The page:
BI’s Article search uses Boolean search capabilities. If you are not familiar with these principles, here are some quick tips.
To search specifically for more than one word, put the search term in quotation marks. For example, “workers compensation”. This will limit your search to that combination of words.
To search for a combination of terms, use quotations and the & symbol. For example, “hurricane” & “loss”.
A federal appeals court has overturned a lower court and reinstated a putative class action lawsuit filed by a former pharmaceutical company employee whose personal information was released on the dark web following a phishing attack.
Jennifer Clemens, a former employee of ExecuPharm Inc., a unit of Parexel International Corp., whose U.S. headquarters is in Newton, Massachusetts, was required as a condition of her employment to provide sensitive personal and financial information, such as her Social Security and bank and financial account numbers, according to Friday’s ruling by the 3rd U.S. Circuit Court of Appeals in Philadelphia in Jennifer Clemens v. ExecuPharm Inc.; Parexel Int’l Corp. The company promised it would take appropriate measures to protect the information.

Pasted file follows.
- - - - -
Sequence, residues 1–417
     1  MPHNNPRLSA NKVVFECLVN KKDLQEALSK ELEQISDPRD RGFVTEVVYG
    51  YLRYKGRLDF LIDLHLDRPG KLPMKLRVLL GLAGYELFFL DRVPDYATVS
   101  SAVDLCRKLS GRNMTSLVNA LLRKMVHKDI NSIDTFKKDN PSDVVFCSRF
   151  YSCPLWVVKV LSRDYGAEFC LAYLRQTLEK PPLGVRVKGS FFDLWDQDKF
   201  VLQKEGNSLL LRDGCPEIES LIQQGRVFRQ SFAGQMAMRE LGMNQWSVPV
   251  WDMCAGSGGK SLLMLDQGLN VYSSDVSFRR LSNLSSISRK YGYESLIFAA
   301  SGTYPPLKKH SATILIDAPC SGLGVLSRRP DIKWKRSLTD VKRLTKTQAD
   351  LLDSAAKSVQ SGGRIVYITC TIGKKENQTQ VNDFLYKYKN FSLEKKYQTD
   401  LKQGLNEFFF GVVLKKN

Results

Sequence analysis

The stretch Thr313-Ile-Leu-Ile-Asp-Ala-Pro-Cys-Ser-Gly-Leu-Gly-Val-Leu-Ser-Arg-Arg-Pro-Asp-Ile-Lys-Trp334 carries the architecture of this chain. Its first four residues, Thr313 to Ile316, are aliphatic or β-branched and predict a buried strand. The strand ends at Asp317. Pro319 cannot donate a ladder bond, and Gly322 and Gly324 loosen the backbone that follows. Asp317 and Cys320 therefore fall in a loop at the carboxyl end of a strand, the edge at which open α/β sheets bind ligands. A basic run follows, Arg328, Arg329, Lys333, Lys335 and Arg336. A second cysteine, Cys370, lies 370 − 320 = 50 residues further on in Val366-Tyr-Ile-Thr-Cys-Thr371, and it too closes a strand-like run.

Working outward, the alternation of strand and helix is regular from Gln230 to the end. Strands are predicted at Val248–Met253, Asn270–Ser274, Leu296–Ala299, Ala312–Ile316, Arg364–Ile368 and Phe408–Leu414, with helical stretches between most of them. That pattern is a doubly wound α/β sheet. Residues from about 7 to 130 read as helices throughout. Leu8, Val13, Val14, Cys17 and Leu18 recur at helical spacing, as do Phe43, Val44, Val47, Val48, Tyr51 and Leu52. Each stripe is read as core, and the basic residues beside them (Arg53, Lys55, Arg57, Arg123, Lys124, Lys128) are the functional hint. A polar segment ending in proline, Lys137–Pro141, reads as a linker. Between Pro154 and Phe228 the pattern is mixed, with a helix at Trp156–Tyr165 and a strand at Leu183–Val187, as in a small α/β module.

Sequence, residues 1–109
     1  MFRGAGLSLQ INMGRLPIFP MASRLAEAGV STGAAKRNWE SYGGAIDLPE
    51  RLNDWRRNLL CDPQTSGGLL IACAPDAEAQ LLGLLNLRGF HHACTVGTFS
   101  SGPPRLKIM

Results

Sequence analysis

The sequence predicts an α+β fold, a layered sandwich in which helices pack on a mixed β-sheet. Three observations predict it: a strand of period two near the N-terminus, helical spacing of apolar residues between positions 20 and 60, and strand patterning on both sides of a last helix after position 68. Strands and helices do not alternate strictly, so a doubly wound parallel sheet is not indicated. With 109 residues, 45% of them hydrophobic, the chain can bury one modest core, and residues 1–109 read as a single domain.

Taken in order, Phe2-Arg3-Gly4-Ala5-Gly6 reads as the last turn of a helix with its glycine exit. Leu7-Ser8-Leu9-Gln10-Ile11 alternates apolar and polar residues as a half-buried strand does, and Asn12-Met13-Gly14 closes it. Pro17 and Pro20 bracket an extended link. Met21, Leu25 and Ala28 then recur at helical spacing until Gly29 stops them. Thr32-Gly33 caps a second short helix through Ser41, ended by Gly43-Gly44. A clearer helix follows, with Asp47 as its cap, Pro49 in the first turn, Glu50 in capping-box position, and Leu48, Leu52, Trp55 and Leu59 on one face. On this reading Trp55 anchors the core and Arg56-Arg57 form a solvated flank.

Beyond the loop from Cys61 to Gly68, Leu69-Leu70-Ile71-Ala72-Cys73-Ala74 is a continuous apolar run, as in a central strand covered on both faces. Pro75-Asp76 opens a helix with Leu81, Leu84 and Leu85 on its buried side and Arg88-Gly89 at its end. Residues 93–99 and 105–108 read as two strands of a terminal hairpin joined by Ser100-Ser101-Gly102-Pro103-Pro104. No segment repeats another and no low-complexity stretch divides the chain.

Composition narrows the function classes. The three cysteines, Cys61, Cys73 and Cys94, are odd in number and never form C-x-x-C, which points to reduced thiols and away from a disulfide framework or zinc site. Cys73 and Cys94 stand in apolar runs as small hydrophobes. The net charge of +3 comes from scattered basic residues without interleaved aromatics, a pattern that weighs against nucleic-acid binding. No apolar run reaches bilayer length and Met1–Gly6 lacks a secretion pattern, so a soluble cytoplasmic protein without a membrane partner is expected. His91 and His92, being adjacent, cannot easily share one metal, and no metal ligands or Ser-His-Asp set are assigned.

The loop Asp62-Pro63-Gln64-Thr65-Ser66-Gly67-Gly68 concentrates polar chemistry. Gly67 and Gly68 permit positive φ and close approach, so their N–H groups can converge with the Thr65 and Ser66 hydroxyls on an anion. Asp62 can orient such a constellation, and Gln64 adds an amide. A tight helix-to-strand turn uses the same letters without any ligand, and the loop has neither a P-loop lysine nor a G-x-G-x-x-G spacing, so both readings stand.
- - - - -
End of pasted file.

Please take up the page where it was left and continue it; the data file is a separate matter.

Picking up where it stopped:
In March 2020, a hacking group accessed ExecuPharm’s services through a phishing attack and installed malware to encrypt the data stored on its servers, the ruling said. Either because ExecuPharm did not pay ransomware or for other reasons, the company’s data was released on the dark web.
To mitigate potential harm, Ms. Clemens immediately took actions including moving to a new bank and purchasing credit monitoring services.
She filed a putative class-action lawsuit against the companies in U.S. District Court in Philadelphia, on charges including breaches of contract, fiduciary duty and confidence.
The district court dismissed the case, stating Ms. Clemens had not yet experienced actual identity theft or fraud. It was overturned by a unanimous three-judge appeals court panel.
ExecuPharm “expressly contracted” to protect Ms. Clemens’ information in its employment agreement, said the ruling, adding, “As employment agreements have become routine, information security provisions” as in this case “have assumed a new prominence.
“Likewise, the failure to uphold those provisions – particularly in the digital age – can yield uniquely drastic consequences,” the ruling said, in reinstating the case and remanding the ruling for further proceedings.
Plaintiff attorney J. Austin Moore, a partner with Stueve Siegel Hanson LLP in Kansas City, Missouri, said in a statement, “We appreciate the panel’s thorough and well-reasoned analysis and look forward to pursuing the merits of these claims before the district court.”
Parexel’s attorneys did not respond to a request for comment.